Rooted to Woe

800px-stones_at_callanish

SOURCE

The moist road under my feet sings

while the glossy grass

carefully hold their dots of blooms

against the naughty wind in their playful mood.

This bonny morning

pulls me into

its enormous foyer of exuberance;

where trees enjoy monsoon manna

and give a shake to their roots

to go deeper,

where merry brooks

weave their delight into babbling tune

just as the moist road under my feet sings,

telling me to move on.

But my heart chooses

to be a megalith of grief.

 

Posted for dVerse Poetics: Flexing your verbs hosted by Kim of writinginnorthnorfolk.com

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9 thoughts on “Rooted to Woe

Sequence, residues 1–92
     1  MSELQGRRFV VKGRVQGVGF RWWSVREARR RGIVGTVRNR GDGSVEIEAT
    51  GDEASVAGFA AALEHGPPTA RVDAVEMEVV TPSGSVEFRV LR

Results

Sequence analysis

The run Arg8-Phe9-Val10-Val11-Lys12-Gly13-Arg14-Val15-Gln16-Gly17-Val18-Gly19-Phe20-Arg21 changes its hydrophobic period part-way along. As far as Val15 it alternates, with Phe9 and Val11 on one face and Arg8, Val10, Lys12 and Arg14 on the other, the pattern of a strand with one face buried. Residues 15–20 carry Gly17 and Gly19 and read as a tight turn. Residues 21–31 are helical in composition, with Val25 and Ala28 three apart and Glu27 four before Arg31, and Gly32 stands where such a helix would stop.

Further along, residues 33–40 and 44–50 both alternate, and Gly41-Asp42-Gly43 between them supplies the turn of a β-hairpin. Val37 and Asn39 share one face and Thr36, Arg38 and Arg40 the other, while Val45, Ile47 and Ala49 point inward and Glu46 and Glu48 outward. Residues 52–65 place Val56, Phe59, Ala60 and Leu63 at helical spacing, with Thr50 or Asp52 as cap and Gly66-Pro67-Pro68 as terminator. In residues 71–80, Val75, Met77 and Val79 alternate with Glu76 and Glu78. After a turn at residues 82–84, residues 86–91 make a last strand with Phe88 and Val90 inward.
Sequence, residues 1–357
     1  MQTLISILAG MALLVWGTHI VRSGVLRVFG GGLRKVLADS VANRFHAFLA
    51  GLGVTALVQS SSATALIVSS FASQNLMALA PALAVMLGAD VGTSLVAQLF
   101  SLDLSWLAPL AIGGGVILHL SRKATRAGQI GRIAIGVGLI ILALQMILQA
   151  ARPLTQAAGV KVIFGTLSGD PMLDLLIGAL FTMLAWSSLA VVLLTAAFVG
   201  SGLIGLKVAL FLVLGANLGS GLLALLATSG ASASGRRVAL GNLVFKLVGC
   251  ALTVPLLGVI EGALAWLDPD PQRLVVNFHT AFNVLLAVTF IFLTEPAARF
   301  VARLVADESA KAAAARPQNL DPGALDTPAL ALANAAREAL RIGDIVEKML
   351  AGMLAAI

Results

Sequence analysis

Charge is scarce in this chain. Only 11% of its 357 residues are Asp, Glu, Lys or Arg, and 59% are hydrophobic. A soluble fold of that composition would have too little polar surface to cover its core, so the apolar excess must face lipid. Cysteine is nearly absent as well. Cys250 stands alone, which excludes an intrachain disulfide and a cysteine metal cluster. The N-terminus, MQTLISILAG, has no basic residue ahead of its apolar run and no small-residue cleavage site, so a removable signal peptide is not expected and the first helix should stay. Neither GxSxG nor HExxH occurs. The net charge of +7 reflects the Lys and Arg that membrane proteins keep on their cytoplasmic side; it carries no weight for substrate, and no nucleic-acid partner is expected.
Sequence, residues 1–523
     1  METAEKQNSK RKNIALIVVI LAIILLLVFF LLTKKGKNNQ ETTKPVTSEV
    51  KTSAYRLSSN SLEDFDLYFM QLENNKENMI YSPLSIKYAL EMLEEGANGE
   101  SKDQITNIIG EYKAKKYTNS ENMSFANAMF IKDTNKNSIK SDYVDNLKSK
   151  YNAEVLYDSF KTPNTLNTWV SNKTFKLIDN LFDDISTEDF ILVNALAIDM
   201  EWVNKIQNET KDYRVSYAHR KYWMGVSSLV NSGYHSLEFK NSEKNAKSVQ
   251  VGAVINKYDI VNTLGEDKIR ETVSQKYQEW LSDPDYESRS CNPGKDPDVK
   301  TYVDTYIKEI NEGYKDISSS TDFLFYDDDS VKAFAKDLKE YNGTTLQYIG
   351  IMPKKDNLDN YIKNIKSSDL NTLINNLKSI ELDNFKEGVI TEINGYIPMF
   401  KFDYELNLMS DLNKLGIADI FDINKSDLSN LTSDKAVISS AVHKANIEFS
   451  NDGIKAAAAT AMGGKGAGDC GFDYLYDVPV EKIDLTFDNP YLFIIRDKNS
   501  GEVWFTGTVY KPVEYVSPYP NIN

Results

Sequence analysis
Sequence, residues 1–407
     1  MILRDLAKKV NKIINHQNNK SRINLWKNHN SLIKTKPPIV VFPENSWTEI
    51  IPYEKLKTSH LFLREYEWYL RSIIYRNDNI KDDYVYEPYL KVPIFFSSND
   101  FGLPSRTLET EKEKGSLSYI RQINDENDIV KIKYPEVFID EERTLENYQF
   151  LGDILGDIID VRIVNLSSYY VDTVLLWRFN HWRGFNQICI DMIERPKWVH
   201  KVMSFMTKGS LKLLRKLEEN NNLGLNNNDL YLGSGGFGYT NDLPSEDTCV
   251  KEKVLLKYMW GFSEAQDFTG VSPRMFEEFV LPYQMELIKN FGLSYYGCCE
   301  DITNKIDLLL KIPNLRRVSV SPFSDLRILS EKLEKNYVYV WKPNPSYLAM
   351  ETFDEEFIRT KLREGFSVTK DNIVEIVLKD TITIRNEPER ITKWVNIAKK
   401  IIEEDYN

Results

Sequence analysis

1. Some wonderful imagery in this poem, Sumana. I like the verbs you chose, and the contrast between the brightness of the scene and the grief in the heart of the speaker is very effective.

  2. I love your ode to a bonny morning landscape, Sumana! I particularly enjoyed:
    ‘The moist road under my feet sings’;
    ‘where trees enjoy monsoon manna
    and give a shake to their roots’;
    and
    ‘where merry brooks
    weave their delight into babbling tune’.
    The ending arrives with a heavy sadness that hits the reader hard.

  3. Grief can turn to stone, but even stone can be worn away by water. I liked your poem a lot, as it works on several layers. I liked the lines /the bonny morning/pulls me into/its enormous foyer of exuberance/.

  4. This is full of such wonderful phrases! I’m not sure how much choice there is, though, with grief. The process can be very gradual.

Thank You :)

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